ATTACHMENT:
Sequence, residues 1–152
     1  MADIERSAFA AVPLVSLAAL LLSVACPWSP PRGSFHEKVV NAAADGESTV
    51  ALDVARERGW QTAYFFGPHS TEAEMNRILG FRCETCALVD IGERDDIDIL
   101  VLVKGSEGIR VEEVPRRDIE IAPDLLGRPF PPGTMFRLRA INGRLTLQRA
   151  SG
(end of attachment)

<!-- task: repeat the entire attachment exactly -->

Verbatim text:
Sequence, residues 1–152
     1  MADIERSAFA AVPLVSLAAL LLSVACPWSP PRGSFHEKVV NAAADGESTV
    51  ALDVARERGW QTAYFFGPHS TEAEMNRILG FRCETCALVD IGERDDIDIL
   101  VLVKGSEGIR VEEVPRRDIE IAPDLLGRPF PPGTMFRLRA INGRLTLQRA
   151  SG